Polyamorist Next Door by Elisabeth Sheff
This book is one of my favorite books on polyamory for those who have experience. This work is a collection of research conducted by Sheff as she pursued a PhD. The combination of personal experience and research data does much of my science-minded self. This is one of the few books which address the family aspect of polyamory, including data addressing children in polyamory. Those who tend to be more well-read and enjoy data to match conclusions will enjoy how this book introduces basic polyamory concepts within the context of the family environment.
The Ethical Slut by Dossie Easton and Janet Hardy
This book is the standard “go to” for introduction to polyamory. This book does an excellent job covering some of the general concepts those who are interested in polyamory should consider during their negotiation process. There are some elements about their perspectives that I do not personally share, but the regular activities in the text geared towards encouraging conversation, and the personal experiences of the authors provide a great place to start that “opening up” discussion between individuals.
So, you raise your kids around this? What are you thinking! This is a question that comes up more often than not in regards to how my own family works as well as some dear friends. How can you raise children around an alternative relationship setting? I can only speak of my own experiences and perspectives, but much thought and reflection go into every person we introduce to our family. Our approach is similar to how divorcee’s approach dating and bring new people into their children’s lives. If the relationship is a fun, once in a while thing, this person is treated as a family friend and may come to barbeques or other casual events. Affection is kept at a minimum to prevent any misunderstandings or concerns from children. If a relationship progresses, displays of affection are modified to match the seriousness of the relationship. Outside of my own household (3 core adults), we do not use nick names for parent figures. This may change if the right individual comes along, but at this time, this is how it works. Our children are growing up in this setting, so it will always be normal to them. Future challenges we are taking into considerations, and welcome positive perspectives on, include addressing our children’s friends families (such as a party or sleep over) and legal considerations (guardianship, medical power of attorney, etc). We are lucky to have a quality school experience where no one asks questions, and in my experience, caring adults are always a plus in any child’s life. I do wonder about the day my children realize they are in a non-traditional family, but at this time, we continue to live, laugh, and love as any other family does.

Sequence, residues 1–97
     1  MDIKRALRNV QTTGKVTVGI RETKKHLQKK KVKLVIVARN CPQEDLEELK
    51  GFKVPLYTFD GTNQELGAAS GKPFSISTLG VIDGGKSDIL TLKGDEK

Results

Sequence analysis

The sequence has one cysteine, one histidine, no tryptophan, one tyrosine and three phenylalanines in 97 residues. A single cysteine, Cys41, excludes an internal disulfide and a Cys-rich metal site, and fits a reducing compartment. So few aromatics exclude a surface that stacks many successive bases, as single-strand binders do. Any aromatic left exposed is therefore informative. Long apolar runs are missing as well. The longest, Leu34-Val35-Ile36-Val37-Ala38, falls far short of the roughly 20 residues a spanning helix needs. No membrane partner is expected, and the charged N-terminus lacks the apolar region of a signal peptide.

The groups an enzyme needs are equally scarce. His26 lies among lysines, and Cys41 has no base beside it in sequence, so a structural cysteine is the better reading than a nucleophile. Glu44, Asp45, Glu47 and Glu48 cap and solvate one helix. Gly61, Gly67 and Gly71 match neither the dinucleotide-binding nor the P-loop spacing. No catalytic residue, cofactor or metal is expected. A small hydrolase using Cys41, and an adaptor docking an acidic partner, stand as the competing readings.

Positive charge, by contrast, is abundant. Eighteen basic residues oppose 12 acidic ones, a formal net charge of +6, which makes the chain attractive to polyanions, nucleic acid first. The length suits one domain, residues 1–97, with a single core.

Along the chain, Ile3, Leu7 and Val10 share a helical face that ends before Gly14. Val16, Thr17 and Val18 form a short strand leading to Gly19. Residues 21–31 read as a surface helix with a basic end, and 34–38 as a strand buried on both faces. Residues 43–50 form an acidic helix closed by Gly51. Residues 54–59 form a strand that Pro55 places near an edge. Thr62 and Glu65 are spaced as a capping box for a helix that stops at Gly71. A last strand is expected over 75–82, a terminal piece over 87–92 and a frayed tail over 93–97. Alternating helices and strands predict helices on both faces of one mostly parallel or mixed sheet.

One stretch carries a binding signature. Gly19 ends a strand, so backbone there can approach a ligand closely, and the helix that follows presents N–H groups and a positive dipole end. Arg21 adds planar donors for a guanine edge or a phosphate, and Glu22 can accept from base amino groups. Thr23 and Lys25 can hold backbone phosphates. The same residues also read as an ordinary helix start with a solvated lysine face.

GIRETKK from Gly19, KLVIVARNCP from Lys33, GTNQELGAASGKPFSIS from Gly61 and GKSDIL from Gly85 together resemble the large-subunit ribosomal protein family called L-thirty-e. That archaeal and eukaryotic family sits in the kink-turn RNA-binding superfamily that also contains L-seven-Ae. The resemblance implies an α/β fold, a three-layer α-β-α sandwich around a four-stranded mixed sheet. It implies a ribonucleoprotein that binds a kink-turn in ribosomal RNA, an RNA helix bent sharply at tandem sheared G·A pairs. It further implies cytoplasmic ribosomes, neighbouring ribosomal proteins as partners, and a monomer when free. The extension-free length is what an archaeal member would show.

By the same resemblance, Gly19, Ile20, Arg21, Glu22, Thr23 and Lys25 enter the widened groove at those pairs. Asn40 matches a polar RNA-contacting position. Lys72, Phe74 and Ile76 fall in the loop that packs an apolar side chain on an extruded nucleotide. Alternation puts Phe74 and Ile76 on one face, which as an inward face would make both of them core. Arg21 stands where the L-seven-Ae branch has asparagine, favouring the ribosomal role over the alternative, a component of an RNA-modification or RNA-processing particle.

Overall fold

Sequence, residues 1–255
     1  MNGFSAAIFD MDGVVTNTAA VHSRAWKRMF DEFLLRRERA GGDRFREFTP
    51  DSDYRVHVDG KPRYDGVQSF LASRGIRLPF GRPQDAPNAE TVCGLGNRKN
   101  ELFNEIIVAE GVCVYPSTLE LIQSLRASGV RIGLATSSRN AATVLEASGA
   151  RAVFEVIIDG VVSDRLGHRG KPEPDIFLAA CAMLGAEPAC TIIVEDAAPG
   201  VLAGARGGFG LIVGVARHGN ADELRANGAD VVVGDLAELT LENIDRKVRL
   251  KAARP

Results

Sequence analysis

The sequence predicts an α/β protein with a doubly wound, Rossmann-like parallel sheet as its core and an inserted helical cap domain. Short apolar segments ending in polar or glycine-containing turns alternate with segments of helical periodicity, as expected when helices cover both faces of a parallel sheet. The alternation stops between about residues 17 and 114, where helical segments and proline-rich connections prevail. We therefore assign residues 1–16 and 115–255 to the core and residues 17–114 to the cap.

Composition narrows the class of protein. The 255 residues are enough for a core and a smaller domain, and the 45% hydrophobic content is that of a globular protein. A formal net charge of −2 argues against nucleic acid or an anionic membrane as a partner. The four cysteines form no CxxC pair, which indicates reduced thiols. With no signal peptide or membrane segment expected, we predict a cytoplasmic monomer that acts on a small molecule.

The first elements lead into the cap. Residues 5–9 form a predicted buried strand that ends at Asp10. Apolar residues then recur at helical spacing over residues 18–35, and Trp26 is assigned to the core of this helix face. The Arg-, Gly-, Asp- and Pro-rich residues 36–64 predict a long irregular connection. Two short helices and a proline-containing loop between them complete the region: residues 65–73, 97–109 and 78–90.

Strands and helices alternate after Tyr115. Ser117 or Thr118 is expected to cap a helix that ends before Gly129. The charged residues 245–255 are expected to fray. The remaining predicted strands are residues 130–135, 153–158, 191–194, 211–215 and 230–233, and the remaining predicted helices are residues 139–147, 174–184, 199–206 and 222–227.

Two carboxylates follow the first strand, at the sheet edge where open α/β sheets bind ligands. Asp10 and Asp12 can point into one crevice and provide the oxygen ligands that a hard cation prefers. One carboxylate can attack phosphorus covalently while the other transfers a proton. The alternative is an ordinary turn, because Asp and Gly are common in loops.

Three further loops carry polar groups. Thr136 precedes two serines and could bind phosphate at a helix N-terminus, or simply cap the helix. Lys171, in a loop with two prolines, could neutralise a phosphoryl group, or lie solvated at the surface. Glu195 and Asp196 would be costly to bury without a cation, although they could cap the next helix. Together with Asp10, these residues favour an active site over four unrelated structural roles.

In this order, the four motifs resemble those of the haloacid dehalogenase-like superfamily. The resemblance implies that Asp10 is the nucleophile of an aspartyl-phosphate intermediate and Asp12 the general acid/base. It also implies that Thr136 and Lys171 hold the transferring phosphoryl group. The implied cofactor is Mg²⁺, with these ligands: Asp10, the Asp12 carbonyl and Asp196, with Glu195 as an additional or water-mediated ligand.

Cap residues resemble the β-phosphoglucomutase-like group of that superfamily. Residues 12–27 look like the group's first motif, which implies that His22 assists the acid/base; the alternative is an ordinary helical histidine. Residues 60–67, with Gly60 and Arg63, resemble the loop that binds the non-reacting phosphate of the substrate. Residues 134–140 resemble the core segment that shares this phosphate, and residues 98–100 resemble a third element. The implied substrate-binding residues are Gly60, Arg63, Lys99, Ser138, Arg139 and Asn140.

Dr. A began supporting and coaching relationship 5 years ago in Phoenix, Arizona. She had several years of experience servicing as a volunteer in the local alternative lifestyle communities addressing non-monogamy.